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Stir-fried porcini mushrooms - Chao Niuganjun (炒牛肝菌)
May is here, which in Yunnan means the beginning of wild mushroom season! Every year from May to September, a cornucopia of wild mushroom varieties is available in markets and restaurants throughout the province.
Kunming locals will begrudgingly accept the cultivated variety – which they derisively call 'artificial mushrooms' (人工菌) - during most of the year, but come mushroom season they flock to markets and restaurants for fresh mushrooms including the pine mushroom aka songrong aka matsutake (松茸), the chicken palm mushroom aka jizong (鸡棕) and the porcino mushroom, known in China as the 'ox liver mushroom' (牛肝菌). Today we will cook the fragrant and meaty porcino.
First, a brief but important word of warning: if not prepared properly, cooking fresh porcini carries the risk of severe stomach pain and/or mild to intense hallucinations of little people, snakes, etc. When preparing this delicious mushroom, always remember these important rules:
1. Use your sharpest knife to slice the porcini as thinly and evenly as possible.
2. Use more oil to cook the porcini than you would use for frying other veggies.
3. Cook the porcini thoroughly, coming just shy of starting to burn them.
4. If you refrigerate your leftover cooked porcini, make sure to reheat thoroughly before eating the second time – DO NOT eat cold or partially reheated!!!
1 small capsicum**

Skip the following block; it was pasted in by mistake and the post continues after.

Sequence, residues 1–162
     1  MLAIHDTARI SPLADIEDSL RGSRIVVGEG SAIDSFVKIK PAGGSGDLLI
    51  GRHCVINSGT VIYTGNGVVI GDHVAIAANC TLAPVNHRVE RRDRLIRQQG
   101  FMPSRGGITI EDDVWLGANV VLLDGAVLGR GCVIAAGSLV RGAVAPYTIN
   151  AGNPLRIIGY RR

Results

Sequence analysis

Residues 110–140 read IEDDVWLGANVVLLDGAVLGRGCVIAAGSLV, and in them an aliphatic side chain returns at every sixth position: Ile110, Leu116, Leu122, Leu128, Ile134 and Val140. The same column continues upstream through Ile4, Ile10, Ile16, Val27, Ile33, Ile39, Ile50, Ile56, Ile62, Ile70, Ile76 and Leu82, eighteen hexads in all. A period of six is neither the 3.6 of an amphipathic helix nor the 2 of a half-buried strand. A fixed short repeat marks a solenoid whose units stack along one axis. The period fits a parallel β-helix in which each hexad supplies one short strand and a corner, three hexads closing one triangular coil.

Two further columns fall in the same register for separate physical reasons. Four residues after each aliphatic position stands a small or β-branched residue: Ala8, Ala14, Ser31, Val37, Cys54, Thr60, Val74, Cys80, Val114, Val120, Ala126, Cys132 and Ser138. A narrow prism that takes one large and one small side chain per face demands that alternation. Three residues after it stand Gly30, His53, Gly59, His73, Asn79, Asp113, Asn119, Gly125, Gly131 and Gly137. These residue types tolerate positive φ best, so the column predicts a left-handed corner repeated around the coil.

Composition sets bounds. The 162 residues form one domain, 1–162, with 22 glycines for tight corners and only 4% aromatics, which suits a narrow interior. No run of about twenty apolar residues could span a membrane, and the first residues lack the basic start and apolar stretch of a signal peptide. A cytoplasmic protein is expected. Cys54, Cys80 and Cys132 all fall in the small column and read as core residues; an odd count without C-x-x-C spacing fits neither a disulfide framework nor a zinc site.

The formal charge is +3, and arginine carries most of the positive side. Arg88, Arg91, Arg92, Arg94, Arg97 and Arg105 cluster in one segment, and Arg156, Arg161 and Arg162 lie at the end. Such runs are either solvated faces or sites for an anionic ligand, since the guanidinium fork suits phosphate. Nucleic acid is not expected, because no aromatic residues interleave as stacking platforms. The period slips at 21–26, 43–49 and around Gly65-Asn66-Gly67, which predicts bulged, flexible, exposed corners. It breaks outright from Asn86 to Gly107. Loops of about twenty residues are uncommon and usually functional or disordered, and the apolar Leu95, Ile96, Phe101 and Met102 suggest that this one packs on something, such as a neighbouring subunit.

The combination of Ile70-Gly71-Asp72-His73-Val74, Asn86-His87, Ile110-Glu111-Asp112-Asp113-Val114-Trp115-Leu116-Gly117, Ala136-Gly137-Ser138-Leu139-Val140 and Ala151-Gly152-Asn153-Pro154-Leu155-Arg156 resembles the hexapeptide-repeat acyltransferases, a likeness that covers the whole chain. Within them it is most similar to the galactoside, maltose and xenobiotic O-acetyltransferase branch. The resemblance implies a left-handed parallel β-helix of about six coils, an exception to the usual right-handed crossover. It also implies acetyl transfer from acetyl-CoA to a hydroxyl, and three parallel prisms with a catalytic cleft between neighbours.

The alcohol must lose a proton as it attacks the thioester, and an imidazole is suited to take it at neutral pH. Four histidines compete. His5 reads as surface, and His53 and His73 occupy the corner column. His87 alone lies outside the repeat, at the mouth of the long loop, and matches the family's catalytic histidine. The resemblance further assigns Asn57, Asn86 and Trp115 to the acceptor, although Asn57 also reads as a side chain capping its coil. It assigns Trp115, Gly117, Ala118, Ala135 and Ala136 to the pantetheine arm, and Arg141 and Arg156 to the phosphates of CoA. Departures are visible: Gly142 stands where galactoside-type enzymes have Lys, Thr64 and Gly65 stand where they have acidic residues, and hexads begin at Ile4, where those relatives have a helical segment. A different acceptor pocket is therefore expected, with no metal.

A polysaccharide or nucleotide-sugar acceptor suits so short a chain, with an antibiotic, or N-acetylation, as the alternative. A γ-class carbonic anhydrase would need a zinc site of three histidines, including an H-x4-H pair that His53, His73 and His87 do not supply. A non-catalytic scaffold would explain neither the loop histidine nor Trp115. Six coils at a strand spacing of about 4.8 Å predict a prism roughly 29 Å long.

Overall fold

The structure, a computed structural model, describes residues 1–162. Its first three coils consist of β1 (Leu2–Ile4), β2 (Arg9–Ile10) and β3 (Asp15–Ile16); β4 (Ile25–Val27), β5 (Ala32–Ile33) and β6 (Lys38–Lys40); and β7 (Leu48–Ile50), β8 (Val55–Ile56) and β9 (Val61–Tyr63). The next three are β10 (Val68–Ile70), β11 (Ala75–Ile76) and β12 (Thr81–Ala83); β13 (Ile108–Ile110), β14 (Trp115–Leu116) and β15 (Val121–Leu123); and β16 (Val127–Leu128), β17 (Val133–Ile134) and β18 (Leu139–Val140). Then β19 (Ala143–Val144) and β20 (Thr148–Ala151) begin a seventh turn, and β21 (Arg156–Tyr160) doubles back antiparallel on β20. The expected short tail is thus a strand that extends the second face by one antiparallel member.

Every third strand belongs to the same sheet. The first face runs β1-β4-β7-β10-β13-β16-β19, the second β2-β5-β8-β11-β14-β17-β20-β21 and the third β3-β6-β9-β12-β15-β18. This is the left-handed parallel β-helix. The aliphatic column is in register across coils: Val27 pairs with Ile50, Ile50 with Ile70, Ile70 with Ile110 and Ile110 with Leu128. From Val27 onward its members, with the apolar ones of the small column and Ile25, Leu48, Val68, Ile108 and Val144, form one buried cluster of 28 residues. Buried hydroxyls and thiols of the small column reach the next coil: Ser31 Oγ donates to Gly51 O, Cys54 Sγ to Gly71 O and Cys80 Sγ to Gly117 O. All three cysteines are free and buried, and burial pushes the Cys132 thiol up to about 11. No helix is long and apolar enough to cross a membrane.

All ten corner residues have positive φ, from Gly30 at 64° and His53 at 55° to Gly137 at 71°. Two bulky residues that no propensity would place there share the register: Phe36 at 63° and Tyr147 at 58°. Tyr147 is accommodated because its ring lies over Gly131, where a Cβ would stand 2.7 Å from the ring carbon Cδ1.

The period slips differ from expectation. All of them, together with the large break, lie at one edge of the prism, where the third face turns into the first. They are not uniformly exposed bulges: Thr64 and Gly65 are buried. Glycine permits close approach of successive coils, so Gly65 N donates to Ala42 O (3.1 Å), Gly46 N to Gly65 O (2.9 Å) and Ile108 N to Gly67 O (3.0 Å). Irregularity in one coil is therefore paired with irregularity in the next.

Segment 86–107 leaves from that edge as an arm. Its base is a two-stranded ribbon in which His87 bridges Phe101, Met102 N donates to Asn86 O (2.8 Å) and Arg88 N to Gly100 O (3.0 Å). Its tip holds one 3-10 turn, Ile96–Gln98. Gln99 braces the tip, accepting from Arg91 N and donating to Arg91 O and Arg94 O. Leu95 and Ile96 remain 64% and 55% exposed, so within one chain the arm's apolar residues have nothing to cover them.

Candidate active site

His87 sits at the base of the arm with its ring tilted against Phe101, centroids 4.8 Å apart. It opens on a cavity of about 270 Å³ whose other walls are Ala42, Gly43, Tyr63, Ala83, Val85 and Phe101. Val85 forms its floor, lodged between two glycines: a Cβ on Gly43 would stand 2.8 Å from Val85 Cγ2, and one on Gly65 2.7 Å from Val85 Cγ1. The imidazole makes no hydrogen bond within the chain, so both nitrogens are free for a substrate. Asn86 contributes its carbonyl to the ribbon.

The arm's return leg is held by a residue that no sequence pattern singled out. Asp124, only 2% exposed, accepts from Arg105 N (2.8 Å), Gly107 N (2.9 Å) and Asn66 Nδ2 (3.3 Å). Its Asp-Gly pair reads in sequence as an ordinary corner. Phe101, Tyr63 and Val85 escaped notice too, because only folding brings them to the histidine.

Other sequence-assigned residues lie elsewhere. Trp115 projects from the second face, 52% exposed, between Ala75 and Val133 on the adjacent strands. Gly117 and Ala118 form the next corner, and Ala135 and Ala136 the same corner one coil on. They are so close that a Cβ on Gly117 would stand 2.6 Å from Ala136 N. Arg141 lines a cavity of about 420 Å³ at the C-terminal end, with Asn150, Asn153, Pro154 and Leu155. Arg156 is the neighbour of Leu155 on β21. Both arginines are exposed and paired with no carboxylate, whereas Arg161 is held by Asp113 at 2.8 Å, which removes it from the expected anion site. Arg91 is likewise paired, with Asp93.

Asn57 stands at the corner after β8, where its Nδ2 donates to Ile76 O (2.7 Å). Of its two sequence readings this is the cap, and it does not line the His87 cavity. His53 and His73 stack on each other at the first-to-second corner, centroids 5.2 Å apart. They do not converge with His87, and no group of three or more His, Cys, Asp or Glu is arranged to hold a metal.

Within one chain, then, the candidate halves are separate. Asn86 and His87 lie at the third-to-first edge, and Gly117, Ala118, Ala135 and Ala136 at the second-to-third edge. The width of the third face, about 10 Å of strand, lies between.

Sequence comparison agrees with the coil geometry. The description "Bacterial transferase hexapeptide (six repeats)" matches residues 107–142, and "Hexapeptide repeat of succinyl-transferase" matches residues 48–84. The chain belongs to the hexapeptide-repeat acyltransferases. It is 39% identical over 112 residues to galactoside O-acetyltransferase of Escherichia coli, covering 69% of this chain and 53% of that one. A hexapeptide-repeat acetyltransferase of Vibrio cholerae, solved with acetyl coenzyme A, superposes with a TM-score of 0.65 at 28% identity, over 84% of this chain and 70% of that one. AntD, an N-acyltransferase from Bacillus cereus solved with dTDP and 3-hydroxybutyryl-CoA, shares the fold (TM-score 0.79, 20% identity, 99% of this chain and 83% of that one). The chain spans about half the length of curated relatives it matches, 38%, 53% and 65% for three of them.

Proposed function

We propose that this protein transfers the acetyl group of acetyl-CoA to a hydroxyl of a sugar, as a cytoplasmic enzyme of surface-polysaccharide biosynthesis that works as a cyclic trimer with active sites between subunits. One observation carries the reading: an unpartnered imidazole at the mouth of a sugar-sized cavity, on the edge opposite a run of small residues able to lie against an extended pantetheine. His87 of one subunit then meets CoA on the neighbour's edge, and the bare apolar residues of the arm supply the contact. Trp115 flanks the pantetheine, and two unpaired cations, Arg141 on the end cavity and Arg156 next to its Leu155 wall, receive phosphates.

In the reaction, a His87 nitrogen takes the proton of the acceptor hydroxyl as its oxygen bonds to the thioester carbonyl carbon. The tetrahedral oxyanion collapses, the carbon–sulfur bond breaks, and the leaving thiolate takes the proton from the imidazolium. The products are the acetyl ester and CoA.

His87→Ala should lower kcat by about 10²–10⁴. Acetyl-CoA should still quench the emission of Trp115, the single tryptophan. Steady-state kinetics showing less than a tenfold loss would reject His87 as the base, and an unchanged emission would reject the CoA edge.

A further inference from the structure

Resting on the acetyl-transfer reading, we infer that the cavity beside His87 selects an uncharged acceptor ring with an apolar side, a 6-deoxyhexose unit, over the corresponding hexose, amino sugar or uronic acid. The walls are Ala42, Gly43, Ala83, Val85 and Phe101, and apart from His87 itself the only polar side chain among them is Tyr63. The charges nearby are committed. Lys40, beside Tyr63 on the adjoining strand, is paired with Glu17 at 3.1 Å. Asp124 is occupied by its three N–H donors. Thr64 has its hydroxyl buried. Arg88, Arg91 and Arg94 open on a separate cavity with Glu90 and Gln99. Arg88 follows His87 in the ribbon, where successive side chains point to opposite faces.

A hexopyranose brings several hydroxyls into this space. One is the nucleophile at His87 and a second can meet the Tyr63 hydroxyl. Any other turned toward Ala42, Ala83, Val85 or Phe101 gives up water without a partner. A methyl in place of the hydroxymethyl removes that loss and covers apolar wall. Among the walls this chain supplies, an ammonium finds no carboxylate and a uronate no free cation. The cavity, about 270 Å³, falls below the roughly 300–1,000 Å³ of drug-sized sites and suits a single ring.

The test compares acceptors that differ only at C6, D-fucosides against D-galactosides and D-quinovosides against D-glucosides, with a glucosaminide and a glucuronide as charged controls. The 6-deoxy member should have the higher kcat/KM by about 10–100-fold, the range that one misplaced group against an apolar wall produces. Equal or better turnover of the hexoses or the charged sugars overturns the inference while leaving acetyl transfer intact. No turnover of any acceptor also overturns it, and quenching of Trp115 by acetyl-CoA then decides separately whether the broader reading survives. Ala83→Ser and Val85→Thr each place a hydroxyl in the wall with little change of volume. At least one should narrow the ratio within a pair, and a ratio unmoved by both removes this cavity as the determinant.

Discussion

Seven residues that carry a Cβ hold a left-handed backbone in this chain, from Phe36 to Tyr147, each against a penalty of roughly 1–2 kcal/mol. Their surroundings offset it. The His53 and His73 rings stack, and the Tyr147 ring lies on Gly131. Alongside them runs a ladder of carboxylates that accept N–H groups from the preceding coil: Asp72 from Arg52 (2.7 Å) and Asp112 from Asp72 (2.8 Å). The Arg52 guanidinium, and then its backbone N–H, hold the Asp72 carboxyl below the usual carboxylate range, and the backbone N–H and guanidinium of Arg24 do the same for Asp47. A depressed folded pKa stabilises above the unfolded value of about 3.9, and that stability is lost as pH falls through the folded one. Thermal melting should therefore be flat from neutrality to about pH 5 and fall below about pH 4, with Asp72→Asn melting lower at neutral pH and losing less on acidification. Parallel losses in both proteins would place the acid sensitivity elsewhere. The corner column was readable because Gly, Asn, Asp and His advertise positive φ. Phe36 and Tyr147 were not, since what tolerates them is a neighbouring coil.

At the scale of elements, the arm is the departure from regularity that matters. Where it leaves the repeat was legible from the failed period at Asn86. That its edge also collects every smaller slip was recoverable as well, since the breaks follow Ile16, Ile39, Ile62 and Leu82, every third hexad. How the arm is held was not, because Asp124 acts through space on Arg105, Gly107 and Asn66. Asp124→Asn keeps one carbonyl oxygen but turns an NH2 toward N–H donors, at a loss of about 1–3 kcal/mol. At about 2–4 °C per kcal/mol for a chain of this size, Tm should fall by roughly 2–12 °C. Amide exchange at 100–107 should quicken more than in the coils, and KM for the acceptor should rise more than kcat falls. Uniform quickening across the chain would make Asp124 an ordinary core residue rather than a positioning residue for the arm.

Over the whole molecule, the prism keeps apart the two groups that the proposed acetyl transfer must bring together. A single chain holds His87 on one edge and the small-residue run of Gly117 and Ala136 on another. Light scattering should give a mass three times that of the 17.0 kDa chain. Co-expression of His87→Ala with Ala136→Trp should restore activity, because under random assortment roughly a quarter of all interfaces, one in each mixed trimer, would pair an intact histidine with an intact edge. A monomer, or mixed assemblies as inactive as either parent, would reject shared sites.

5 cloves garlic
2 tsp salt
Oil for frying
*It is unlikely that you will be able to obtain fresh porcini unless you are in Yunnan during mushroom season. It is possible throughout China to obtain dried porcini which will be safe to reconstitute and cook.
** Using zhoupi lajiao (皱皮辣椒) – a slightly spicy wrinkly-skinned variety of capsicum – is recommended for this dish. It is widely available throughout China. If you can't find this type of capsicum, substitute with your favorite variety.
Wash and soak the mushrooms in water for 5 – 10 minutes. Thinly slice the garlic and chop the capsicum into small pieces.
Slice the mushroom caps and stems thinly and evenly. For larger mushrooms the stems can be removed and sliced lengthwise, separately from the caps. The yellow flesh of the porcino acquires an alarming blue hue shortly after making contact with fresh air: this is normal.
Heat several tablespoons of oil in a wok. Add the garlic and fry for about 30 seconds before adding the mushrooms and capsicum. Add the salt and stir fry, turning constantly, for around five minutes – your aim being to boil off most of the natural moisture coming out of the mushrooms.
Transfer to a bowl or plate and serve alongside your other dishes.
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